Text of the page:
William Dunham Given High Honor by the Mathematical Association of American (MAA)

News Image 'Berg's Truman Koehler Professor of Mathematics named the 2014-2016 Pólya Lecturer

 Tuesday, October 29, 2013 00:23 PM

William Dunham, Ph.D., the Truman Koehler Professor of Mathematics at Muhlenberg College, has been selected by the Mathematical Association of America (MAA) as the 2014-2016 Pólya Lecturer.

The Pólya Lecturer Program, named for 20th century mathematician George Pólya, was established in 1990 to allow the MAA to bring lectures by outstanding expositors to MAA regional sections. Recipients are selected for their outstanding expository skills and have included (among others) three presidents of the MAA, a Sloan Fellow and a winner of the MacArthur Genius Award.

Dunham was previously honored by the MAA with the Beckenbach Book Prize for his work Euler: The Master of Us All (MAA, 1999). His interest in the history of mathematics has led to numerous talks at colleges and universities around the country and has carried him to speaking engagements at the Smithsonian Institution, on NPR’s “Talk of the Nation: Science Friday,” and at the Swiss Embassy in Washington, D.C. In the fall of 2008 and again in the spring of 2013, he was invited to be a visiting professor at Harvard University, where he taught an undergraduate course on the mathematics of Leonhard Euler.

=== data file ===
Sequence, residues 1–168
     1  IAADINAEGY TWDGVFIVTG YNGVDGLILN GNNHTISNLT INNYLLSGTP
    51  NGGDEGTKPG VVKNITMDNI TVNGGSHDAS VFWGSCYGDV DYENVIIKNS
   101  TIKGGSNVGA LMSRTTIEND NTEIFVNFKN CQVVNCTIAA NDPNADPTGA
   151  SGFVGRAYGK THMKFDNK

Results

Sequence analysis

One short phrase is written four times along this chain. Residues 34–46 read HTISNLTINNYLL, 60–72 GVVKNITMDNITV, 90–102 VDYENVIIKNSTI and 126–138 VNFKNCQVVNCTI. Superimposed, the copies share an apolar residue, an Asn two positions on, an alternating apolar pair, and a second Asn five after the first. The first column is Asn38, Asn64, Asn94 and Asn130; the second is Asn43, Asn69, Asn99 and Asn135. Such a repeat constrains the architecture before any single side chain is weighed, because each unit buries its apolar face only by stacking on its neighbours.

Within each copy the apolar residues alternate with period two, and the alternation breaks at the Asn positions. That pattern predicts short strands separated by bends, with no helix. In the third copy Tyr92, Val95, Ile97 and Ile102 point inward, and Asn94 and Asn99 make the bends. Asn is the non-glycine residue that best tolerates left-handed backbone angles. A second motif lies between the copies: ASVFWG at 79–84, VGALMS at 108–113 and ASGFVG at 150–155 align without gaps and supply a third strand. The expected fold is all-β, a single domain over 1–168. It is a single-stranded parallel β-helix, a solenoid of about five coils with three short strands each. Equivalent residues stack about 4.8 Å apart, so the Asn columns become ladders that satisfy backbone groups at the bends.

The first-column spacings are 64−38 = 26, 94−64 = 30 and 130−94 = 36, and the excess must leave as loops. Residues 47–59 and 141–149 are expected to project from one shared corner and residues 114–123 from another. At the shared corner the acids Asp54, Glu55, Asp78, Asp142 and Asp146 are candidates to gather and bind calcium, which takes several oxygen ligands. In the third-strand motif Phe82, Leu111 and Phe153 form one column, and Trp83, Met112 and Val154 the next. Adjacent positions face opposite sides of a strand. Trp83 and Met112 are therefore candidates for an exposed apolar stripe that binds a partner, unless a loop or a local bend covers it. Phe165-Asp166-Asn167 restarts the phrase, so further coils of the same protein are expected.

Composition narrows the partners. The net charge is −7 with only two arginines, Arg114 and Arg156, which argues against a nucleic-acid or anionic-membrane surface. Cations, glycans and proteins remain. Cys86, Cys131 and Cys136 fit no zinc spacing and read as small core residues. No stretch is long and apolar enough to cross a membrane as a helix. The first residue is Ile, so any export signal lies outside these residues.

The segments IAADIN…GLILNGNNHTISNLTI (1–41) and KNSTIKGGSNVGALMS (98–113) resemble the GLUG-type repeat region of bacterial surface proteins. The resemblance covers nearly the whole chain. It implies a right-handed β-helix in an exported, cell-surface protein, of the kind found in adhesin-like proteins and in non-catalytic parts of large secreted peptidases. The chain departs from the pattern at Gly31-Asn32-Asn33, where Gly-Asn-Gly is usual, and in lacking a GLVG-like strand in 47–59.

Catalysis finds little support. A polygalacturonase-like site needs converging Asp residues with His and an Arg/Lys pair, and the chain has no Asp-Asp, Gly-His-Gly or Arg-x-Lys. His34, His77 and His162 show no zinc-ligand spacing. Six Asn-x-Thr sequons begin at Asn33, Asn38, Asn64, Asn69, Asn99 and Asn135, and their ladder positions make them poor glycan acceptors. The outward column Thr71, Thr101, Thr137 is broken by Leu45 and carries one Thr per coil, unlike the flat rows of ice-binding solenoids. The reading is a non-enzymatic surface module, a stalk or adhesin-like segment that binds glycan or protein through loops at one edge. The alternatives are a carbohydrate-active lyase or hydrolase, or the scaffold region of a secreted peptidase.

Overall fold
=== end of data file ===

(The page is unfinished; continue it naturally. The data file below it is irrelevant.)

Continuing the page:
In addition to Euler: The Master of Us All, he is the author of: Journey Through Genius: The Great Theorems of Mathematics (Wiley, 1990); The Mathematical Universe (Wiley, 1994); and The Calculus Gallery: Masterpieces from Newton to Lebesgue (Princeton, 2005). Collectively, these have been translated into seven different languages. Dunham has also edited a volume, The Genius of Euler: Selections from His Life and Work (MAA, 2007) and recorded a DVD course for Teaching Company with the title “Great Thinkers, Great Theorems.”

At the close of the fall semester, Dunham will retire from Muhlenberg College after 21 years of service. He will spend the spring semester as a visiting professor at Princeton University and the following fall as a visiting professor at University of Pennsylvania.